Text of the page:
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Do people with disabilities participate less in elections than others as a result of their disability? The question is an important one, at a time when electoral sociologists are arguing that election outcomes depend primarily on unequal capacities to mobilize among different segments of the electorate. Those with the greatest resources, economically and culturally, are better able to vote, and can therefore ensure that their own interests and demands receive greater consideration. This can have a substantial influence on taxation and other areas of public policy. By contrast, high non-registration and abstention rates mean that other voter groups (such as the working classes and ethnic minorities) lose the ability to influence public policy through voting. By measuring inequality of voting opportunity, and revealing its underlying causes, we deepen our understanding of public policy, widening social inequalities, and the delegation of power in modern democracies.
People with disabilities form the “largest minority group,” and, by understanding how likely or unlikely such individuals are to vote, we can deepen our understanding of the conditions and mechanisms by which individuals are excluded from voting. Using a range of research methods and definitions of disability, a number of studies have already demonstrated a “disability gap” among American voters, showing that those with disabilities vote less often—sometimes significantly so—than those without. This gap can be as high as 21 percent…

Pierre-Yves Baudot
Pierre-Yves Baudot is a professor of sociology at the Université Paris-Dauphine/PSL and a researcher at the Institut de recherche interdisciplinaire en sciences sociales (IRISSO) (Institute for Interdisciplinary Social Sciences Research) (CNRS/INRA). His work focuses on disability policy, the politics of rights, and tools of government of state reform. His recent publications include “Layering Rights: The Case of Disability Policies in France (2006–2016),” Social Policy and Society 17, no. 1 (2018): 117–31 (IRISSO, Université Paris-Dauphine, place du Maréchal-de-Lattre-de-Tassigny, 75775 Paris cedex 16).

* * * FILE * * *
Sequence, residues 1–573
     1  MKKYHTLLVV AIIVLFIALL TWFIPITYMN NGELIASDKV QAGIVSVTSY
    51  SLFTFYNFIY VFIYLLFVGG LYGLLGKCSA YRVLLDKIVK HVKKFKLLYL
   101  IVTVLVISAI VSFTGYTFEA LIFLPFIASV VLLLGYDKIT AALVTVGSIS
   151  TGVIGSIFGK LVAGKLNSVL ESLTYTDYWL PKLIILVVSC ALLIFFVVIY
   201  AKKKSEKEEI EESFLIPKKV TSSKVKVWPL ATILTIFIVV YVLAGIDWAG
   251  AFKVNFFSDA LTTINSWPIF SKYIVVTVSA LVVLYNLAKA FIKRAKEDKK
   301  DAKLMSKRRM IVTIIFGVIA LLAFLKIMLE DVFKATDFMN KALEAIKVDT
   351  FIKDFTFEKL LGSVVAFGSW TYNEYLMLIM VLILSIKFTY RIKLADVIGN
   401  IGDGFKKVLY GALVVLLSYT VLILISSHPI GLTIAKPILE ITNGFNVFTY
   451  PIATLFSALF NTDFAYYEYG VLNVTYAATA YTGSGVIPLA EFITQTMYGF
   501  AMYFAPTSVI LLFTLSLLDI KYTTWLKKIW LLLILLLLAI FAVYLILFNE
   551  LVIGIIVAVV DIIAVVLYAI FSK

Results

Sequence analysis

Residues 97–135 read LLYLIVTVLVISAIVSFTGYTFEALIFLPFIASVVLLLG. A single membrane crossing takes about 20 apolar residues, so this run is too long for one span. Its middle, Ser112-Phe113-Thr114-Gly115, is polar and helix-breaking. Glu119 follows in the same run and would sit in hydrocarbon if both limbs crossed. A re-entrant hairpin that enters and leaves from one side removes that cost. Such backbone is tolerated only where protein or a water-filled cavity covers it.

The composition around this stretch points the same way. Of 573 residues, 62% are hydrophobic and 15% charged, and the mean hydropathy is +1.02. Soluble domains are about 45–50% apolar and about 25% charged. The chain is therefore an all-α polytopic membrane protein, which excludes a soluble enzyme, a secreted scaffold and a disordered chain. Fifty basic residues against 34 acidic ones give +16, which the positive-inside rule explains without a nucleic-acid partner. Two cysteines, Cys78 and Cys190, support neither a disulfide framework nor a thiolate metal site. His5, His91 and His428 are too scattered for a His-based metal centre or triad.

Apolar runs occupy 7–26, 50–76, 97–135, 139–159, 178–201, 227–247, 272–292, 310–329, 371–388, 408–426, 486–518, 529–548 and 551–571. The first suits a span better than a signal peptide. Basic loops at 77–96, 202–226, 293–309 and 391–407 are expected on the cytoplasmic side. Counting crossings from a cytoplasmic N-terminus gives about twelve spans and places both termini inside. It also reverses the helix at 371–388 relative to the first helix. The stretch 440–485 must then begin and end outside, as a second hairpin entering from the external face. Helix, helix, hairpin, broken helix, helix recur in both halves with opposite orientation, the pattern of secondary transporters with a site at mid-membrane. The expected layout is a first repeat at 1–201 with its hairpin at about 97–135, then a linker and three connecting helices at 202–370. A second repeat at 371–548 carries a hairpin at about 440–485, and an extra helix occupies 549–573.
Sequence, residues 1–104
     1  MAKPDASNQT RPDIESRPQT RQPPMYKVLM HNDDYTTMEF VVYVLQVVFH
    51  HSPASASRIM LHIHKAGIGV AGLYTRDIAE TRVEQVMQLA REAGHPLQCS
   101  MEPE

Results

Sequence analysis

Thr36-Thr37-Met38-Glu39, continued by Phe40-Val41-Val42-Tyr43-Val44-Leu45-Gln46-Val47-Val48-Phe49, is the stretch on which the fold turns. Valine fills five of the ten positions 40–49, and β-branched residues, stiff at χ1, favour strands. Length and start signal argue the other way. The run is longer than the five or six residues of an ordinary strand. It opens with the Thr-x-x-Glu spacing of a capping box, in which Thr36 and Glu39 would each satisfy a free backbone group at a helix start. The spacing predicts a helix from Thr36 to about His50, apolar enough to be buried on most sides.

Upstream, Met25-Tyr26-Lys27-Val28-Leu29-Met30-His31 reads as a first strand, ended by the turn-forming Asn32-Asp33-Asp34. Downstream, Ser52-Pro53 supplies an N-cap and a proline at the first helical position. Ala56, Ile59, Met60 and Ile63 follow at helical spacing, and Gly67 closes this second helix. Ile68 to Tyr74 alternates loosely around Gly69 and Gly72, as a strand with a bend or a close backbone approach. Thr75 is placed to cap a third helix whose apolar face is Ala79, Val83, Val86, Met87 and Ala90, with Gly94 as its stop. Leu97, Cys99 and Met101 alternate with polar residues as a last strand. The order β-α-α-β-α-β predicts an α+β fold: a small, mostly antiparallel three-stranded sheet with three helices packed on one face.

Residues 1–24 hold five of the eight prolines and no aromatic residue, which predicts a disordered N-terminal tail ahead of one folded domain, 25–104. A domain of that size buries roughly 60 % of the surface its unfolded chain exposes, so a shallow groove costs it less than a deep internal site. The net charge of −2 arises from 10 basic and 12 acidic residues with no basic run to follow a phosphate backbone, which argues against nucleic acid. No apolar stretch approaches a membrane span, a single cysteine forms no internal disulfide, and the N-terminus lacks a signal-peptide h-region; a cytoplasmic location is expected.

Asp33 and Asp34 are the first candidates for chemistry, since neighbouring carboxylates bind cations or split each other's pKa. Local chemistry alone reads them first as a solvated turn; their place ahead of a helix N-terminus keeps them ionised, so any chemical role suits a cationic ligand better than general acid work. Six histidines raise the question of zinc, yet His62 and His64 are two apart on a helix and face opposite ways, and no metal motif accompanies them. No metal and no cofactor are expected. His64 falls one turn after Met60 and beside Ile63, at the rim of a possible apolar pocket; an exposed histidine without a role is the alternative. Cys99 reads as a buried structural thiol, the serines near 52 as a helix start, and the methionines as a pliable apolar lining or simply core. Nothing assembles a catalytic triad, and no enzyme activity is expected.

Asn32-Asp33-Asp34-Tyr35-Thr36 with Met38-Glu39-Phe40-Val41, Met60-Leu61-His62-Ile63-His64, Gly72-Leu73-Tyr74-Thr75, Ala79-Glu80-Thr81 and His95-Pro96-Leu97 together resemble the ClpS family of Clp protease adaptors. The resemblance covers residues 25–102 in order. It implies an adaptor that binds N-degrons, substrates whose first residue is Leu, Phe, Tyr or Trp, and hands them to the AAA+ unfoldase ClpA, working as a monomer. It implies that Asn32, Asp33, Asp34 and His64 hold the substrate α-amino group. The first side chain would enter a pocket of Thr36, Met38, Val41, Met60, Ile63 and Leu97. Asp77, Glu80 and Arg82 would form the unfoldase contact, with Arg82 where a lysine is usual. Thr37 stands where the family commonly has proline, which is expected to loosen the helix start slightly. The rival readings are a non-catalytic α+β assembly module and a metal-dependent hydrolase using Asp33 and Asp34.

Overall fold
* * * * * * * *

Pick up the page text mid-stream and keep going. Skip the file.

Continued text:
Marie-Victoire Bouqueta
Marie-Victoire Bouquet is a postdoctoral fellow at the Institut de recherche interdisciplinaire en sciences sociales (IRISSO), investigating the management of vulnerable populations by government and non-government bodies. Since 2017, her work has dealt with the effects of such management on voter turnout, and the relationship of individuals with disabilities to politics. With Pierre-Yves Baudot, she has recently published “L’enjeu et le mouvement: comment les acteurs du handicap ont structuré l’organisation d’En Marche!,” in L’entreprise Macron, eds. Bernard Dolez, Julien Fretel, and Rémi Lefebvre (Grenoble: Presses universitaires de Grenoble, 2019), 65–78 (IRISSO, Université Paris-Dauphine, place du Maréchal-de-Lattre-de-Tassigny, 75775 Paris cedex 16).
Céline Braconnier
Céline Braconnier is a professor of political science and the director of Sciences Po Saint-Germain-en-Laye. She is a researcher at the Centre de recherches sociologiques sur le droit et les institutions pénales (CESDIP) (Center for Sociological Research on Law and Penal Institutions). Her recent publications include, with Jean-Yves Dormagen and Vincent Pons, “Voter Registration Costs and Disenfranchisement: Experimental Evidence from France,” American Political Science Review 111, no. 3 (2017): 584–604. Her work focuses on voter turnout and relationships with the state (Sciences Po Saint-Germain-en-Laye, 5 rue Pasteur, 78100 Saint-Germain-en-Laye).
Ghislain Gabalda
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